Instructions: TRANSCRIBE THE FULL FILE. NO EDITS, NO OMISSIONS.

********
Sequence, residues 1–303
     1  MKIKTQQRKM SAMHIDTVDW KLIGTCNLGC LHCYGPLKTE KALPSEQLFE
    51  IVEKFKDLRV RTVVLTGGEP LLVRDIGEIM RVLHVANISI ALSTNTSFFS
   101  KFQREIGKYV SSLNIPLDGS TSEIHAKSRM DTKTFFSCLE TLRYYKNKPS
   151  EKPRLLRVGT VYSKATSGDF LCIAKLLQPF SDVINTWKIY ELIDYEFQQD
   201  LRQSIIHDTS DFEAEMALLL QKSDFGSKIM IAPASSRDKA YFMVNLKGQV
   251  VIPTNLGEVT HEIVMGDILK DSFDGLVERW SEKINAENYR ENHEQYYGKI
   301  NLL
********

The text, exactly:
Sequence, residues 1–303
     1  MKIKTQQRKM SAMHIDTVDW KLIGTCNLGC LHCYGPLKTE KALPSEQLFE
    51  IVEKFKDLRV RTVVLTGGEP LLVRDIGEIM RVLHVANISI ALSTNTSFFS
   101  KFQREIGKYV SSLNIPLDGS TSEIHAKSRM DTKTFFSCLE TLRYYKNKPS
   151  EKPRLLRVGT VYSKATSGDF LCIAKLLQPF SDVINTWKIY ELIDYEFQQD
   201  LRQSIIHDTS DFEAEMALLL QKSDFGSKIM IAPASSRDKA YFMVNLKGQV
   251  VIPTNLGEVT HEIVMGDILK DSFDGLVERW SEKINAENYR ENHEQYYGKI
   301  NLL